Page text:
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9 July 2016

Major unions pledge their support to Jeremy Corbyn as a leadership challenge looms

With Angela Eagle expected to challenge the Labour leader imminently, Len McClusky and other union representatives have declared their support for Corbyn.

By Stephanie Boland

Len McClusky and the general secretaries of unions Unison and the GMB have come out in support of Jeremy Corbyn after news that “peace talks” had broken down, and a formal leadership challenge could be expected imminently.

McClusky called Tom Watson’s statement earlier today, in which the deputy leader said he believed there “is little to be achieved by pursuing wider conversations with our union affiliates at this time”, “deeply disigengenuous”.

According to New Statesman political editor George Eaton, Unison and the GMB then followed suit, pledging their support to Corbyn at today’s Durham Miner’s Gala.

Union support could be crucial in deciding whether or not Corbyn has an automatic place on the leadership ballot in the event of a challenge. The party is believed to have conflicting legal advice on the subject, with the final decision likely to be taken by Labour’s NEC, of which several seats are occupied by trade union representatives.

Read McClusky’s full statement below.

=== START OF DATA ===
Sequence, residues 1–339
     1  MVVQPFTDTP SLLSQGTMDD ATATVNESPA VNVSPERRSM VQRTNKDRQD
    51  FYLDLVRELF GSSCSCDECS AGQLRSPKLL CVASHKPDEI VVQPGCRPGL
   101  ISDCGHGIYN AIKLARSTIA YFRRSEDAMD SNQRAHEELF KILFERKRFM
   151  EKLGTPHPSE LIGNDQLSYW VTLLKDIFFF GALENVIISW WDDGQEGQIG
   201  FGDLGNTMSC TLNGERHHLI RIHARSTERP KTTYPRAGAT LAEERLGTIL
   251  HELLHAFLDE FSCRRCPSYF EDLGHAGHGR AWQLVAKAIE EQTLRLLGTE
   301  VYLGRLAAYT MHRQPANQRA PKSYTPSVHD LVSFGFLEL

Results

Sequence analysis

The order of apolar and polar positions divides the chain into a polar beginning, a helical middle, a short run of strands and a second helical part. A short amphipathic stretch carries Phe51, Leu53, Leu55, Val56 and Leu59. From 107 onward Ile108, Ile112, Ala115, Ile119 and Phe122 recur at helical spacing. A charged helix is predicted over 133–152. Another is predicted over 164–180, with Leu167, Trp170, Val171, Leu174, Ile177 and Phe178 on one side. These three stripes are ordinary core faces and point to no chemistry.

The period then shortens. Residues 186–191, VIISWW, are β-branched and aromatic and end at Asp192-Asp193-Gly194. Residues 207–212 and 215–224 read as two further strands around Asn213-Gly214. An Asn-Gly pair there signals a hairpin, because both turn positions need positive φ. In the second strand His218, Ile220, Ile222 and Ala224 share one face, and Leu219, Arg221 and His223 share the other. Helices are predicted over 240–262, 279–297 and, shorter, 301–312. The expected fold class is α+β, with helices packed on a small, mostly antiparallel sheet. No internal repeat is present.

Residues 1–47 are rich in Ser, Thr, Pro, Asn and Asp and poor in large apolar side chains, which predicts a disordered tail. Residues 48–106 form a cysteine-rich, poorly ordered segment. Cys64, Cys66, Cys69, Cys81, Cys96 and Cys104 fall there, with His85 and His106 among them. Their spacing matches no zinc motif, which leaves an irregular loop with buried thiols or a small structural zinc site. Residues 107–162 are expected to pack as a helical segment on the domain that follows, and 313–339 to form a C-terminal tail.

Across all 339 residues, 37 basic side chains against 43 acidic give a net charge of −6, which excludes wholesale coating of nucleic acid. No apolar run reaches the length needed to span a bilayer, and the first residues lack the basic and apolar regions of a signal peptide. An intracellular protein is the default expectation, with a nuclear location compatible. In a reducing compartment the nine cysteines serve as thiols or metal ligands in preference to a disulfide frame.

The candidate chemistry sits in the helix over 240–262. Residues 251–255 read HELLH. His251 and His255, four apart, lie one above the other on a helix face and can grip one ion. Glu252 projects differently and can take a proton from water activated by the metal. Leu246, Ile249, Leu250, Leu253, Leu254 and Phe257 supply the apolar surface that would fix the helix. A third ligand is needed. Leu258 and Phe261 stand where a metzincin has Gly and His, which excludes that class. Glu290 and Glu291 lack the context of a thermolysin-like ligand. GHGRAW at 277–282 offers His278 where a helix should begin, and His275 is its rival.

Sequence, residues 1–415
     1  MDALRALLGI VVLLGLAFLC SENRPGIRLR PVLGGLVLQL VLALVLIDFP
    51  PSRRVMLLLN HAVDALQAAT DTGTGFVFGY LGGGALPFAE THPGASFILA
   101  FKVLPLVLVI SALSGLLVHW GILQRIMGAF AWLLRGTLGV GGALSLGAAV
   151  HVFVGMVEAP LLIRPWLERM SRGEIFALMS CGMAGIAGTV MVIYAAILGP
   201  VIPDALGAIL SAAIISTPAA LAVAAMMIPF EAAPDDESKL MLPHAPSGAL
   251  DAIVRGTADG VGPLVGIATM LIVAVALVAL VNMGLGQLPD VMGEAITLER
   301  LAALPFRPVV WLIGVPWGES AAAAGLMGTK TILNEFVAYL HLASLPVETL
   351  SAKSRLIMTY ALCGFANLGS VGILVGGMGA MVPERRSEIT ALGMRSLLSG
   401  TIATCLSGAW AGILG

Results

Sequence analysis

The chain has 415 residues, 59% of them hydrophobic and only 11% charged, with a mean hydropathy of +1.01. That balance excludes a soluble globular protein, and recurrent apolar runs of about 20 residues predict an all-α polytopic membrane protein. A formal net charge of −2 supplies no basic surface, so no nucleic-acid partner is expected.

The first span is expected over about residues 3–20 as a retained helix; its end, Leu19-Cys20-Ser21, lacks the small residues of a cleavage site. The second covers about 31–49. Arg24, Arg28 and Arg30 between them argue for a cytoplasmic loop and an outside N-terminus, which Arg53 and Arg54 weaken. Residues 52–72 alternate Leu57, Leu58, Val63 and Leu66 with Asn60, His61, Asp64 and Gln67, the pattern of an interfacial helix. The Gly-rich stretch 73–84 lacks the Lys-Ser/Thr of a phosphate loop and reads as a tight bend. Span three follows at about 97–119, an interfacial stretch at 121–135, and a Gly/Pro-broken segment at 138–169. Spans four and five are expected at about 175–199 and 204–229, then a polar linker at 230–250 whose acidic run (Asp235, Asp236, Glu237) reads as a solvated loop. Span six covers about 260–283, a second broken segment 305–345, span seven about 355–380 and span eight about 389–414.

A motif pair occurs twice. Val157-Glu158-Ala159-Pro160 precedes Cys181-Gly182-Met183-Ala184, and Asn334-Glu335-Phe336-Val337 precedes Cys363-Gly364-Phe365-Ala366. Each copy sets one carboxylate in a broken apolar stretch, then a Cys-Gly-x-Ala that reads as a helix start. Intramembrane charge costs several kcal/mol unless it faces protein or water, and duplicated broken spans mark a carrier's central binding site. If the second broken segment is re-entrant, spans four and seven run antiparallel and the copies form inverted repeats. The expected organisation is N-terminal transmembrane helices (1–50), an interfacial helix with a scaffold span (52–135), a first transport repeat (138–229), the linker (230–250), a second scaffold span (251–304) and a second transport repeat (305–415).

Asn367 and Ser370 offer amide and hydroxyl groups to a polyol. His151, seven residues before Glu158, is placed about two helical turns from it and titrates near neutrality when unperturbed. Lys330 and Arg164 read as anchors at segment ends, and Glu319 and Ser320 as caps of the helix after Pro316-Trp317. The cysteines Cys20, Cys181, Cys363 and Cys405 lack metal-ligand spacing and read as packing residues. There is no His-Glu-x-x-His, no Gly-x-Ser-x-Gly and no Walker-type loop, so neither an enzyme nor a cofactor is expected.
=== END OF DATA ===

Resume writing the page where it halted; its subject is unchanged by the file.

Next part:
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“I am dismayed at the statement issued by Tom Watson announcing his withdrawal from talks aimed at resolving the crisis in the Labour party

“Extraordinarily, I received no notice of this statement before it was issued. I had made arrangements for a meeting of trade union leaders, Tom Watson and representatives of the PLP and the party leader for tomorrow, arrangements requested by Tom Watson and his colleagues, specifically for Mr Watson’s convenience.

“In that context, when the possibility of a workable plan had never seemed closer, Tom Watson’s actions today can only look like an act of sabotage fraught with peril for the future of the Labour party.”

“I must clarify one point in Tom Watson’s statement – I made it absolutely clear from the outset of these discussions that Jeremy Corbyn’s resignation as the leader was not on the agenda.

“Watson knew that, and it is entirely wrong to suggest that any public statement by Jeremy represented any change in the situation. This is a deeply disingenuous manoeuvre.

“I will continue to work with trade union colleagues and others to chart a way forward, including meeting the legitimate concerns of Labour MPs.

“Should there have to be a leadership election, I must warn that any attempts to keep Jeremy Corbyn, elected just 10 months ago with an enormous mandate, off the ballot paper by legal means risks a lasting division in the party.

“It is time for everyone to commit to a democratic and dignified procedure as the only way to avert such a disaster for working people.” 

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